10 Interpersonal Intelligence Examples (Plus Pros & Cons)

interpersonal intelligence example and definition, explained below

Interpersonal intelligence refers to the ability to understand, communicate, and develop harmonious relations with other human beings.

Individuals with high levels of interpersonal intelligence can be sensitive to other’s people’s moods and motivations, and often show compassion and kindness.

Interpersonal intelligence is one of Gardner’s 8 types of multiple intelligences.

Examples of famous people with interpersonal intelligence include Mahatma Gandhi, Oprah Winfrey and Eleanor Roosevelt.

People with this type of intelligence make good leaders when motivating others is vital. They sometimes work in the mental health profession or other occupations in which it is important to be able to understand and work well with other people.

Examples of Interpersonal Intelligence

1. Being Easy to Talk To

Have you ever met someone that is so easy to talk to there is a never a lull in the conversation?

Of course it takes two, so we might be talking about you, but in this example let’s focus on the other person. Some people just have a way of getting along with others. They are great conversationalists.

Start talking about any topic under the sun, and they can effortlessly chime-in. The words seem to flow straight from their mind to their vocal cords. They never stutter and stammer or have trouble thinking of what to say. This is one of the key attributes of someone with a lot of interpersonal intelligence. They are great communicators.

2. Being Good at Conflict Management

Being able to step into the middle of an argument can be a brave move. When people disagree about something serious, or at least something they think is serious, tempers can get quite heated.

That is why it is good to have someone nearby that has good conflict management skills. This type of person can understand each party’s point of view and show that they are respectful of those opinions.

When you can take into account the perspective of each person, it is a little bit easier to find a middle ground that all can agree to. It may not be easy, but a person with a high level of interpersonal intelligence is the perfect kind of person to help others resolve disagreements.  

3. Being Good at Teamwork

Some people play well with others, and some don’t. Being able to collaborate with colleagues is a highly valued skilled in many offices.

Almost all projects require the contributions of several people; some endeavors actually require the contributions of dozens of work teams over an extended period of time. Each team has to function smoothly enough to get their tasks completed on schedule.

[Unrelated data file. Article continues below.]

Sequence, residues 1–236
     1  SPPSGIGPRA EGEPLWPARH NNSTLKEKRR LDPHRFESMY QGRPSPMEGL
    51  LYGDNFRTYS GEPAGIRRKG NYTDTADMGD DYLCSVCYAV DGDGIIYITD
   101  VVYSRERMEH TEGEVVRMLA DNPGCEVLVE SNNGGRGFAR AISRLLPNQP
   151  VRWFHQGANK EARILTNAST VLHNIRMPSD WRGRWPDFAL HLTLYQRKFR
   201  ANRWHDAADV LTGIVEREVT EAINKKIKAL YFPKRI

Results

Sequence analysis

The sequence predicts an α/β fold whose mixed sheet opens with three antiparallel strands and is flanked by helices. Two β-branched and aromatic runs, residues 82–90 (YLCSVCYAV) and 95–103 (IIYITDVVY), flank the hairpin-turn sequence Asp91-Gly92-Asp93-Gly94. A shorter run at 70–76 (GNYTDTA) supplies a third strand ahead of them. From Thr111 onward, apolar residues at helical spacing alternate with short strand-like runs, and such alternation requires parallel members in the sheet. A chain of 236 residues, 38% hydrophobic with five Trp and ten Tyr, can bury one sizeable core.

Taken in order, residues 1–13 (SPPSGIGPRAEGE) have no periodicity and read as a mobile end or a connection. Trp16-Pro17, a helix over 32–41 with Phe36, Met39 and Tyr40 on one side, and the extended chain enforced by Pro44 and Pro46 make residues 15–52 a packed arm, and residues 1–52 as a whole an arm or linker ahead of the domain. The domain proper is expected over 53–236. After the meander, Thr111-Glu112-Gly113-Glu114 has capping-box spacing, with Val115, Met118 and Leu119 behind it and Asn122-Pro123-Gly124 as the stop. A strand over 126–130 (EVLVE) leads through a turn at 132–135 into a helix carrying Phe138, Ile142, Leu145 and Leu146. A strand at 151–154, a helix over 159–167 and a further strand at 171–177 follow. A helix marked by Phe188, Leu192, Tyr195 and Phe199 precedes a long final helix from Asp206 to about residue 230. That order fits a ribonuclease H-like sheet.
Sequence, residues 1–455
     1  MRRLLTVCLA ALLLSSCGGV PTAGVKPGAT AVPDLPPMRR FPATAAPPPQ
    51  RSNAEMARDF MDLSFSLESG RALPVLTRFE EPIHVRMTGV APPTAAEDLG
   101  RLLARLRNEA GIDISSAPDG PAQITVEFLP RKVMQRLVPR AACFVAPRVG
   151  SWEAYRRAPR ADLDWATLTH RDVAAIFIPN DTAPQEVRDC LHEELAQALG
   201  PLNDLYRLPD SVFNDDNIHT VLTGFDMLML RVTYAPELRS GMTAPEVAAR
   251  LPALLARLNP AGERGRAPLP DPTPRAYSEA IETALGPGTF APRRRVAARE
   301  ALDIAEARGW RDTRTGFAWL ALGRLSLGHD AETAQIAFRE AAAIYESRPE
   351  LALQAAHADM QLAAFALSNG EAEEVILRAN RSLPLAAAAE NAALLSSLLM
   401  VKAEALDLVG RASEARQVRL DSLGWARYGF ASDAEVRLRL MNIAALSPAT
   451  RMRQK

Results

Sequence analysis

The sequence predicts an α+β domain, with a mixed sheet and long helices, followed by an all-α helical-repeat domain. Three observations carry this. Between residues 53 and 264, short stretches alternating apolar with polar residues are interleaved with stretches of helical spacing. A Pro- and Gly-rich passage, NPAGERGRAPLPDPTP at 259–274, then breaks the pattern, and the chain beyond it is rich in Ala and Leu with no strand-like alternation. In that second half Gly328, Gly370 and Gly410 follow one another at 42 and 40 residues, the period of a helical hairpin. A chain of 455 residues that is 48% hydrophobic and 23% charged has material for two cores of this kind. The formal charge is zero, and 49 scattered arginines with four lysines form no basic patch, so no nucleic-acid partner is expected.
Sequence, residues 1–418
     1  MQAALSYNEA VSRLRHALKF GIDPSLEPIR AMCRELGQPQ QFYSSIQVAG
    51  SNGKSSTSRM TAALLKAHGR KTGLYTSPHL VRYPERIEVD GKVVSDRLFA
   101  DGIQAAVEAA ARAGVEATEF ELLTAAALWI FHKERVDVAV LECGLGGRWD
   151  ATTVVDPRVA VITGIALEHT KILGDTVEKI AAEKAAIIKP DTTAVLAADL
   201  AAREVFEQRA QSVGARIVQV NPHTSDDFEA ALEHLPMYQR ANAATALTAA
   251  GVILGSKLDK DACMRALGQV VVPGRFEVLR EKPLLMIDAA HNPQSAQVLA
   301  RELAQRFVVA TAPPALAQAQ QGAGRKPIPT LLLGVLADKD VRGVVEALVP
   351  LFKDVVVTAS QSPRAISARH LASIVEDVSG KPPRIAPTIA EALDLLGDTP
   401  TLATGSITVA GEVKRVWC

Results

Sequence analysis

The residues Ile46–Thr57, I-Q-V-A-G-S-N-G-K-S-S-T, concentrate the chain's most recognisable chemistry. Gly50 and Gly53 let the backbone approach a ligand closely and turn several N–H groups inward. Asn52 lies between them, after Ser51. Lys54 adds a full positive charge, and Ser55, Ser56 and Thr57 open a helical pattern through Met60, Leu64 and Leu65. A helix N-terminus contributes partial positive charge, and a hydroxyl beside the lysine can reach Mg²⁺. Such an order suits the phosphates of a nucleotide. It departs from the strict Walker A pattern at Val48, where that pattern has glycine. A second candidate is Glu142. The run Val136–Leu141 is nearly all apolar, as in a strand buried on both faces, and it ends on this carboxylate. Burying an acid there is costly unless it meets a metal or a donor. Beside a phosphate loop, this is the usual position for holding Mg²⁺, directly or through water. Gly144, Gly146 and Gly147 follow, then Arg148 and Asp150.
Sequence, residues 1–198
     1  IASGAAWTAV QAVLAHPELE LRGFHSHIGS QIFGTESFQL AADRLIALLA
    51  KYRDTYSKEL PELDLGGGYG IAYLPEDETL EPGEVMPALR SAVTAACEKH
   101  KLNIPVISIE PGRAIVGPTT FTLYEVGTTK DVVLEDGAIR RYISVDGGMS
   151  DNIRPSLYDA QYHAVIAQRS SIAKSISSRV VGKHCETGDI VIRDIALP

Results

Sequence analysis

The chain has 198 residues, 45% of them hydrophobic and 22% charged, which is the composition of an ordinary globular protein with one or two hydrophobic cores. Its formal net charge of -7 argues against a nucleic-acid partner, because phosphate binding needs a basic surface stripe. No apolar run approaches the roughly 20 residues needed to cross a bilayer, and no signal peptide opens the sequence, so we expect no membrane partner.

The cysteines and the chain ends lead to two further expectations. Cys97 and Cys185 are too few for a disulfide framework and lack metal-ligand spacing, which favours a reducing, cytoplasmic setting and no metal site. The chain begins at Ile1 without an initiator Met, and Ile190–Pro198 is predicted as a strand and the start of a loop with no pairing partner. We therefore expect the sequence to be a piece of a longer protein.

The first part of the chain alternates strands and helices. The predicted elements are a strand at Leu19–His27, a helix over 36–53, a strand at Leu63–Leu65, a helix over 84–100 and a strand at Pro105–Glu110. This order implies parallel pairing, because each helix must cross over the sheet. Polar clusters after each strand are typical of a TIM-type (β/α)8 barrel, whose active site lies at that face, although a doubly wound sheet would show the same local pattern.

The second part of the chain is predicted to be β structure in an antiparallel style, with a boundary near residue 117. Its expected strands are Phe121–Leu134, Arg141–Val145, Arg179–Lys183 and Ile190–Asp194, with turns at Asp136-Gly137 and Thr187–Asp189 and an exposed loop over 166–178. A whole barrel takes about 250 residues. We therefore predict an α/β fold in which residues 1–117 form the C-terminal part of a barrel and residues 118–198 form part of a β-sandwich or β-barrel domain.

An individual with interpersonal intelligence is very good at working with others. They can read people’s mood and adjust their tone and comments accordingly. Sometimes reading someone’s mood means not saying anything at all. This all goes a long way to helping the team work efficiently.  

4. Being Good at Public Speaking

People with a high level of interpersonal intelligence can be very good public speakers.

First of all, they feel comfortable around other people and because they usually have success interacting with others, they come across as confident. That is important when standing in front of an audience.

Interpersonal intelligence is also associated with verbal skills and emotional intelligence. So, as they are speaking, they can read the audience and adjust their comments accordingly. Their verbal skills usually translate into choosing the right words that the audience will find interesting, and maybe even inspiring. Generally speaking, a good public speaker is demonstrating interpersonal intelligence.

Examples of Jobs for People with Interpersonal Intelligence

5. Talk Show Host

Being a talk show host is a great job for a person that is very people-oriented. Because they are good communicators and have interpersonal intelligence, they are able to interact with the guest and audience simultaneously, keeping both captivated and involved in the conversation.

A good talk show host can read the emotions of their guests instantaneously and know exactly what to say and do to make them feel at ease. A guest can get very nervous appearing on a television show, so they need a host that can make them laugh and feel comfortable.

The audience wants to know more about the guest and that will never happen unless the host can get them to relax and open up. Therefore, a talk show host needs to possess interpersonal intelligence in abundance.

6. Event MC 

MC stands for master of ceremonies. This is a person that plays the role of official host of an event of some kind. This event could be a charitable fundraiser, a stage performance, an awards show, or even certain types of celebrity parties.

Their main responsibility is to introduce speakers, make announcements, perhaps make a few jokes to keep the audience entertained and engaged, and keep the agenda flowing smoothly.

This means that the MC needs to possess all of the key attributes of a person with interpersonal intelligence: good communicator, good reader of people, confident and humorous when interacting with others. They likely also need good linguistic intelligence skills.

7. Mental Health Counselor

There are many types of counselors: school counselors that try to help students perform better in school, marriage counselors that try to help couples get along better, and youth development counselors that try to help teens cope with difficult family issues.

They all have at least one characteristic in common: high interpersonal intelligence. People in these professions have a strong sense of compassion and empathy for others that are struggling in life. They feel a natural urge to want to help.

Because they are good at understanding other people’s emotions and perspective, they can relate to their experiences and have the professional training necessary to offer suggestions on how to cope. They are good communicators, so when they offer that advice it will be persuasive and maybe even motivating.

8. Socialite

A socialite is someone that spends a great deal of their time attending social events, such as fashion shows, fundraising activities, or other gatherings that involve a higher social class. And yes, being a socialite is a job; it’s just one that doesn’t pay, mainly because most socialites come from a wealthy background, or, married into one.

Today the term “socialite” has taken on an additional meaning in popular culture. In the age of Tik Tok, Instagram, and Twitter, “influencers” have adopted many of the same characteristics as a socialite due to their vibrant and active lifestyle.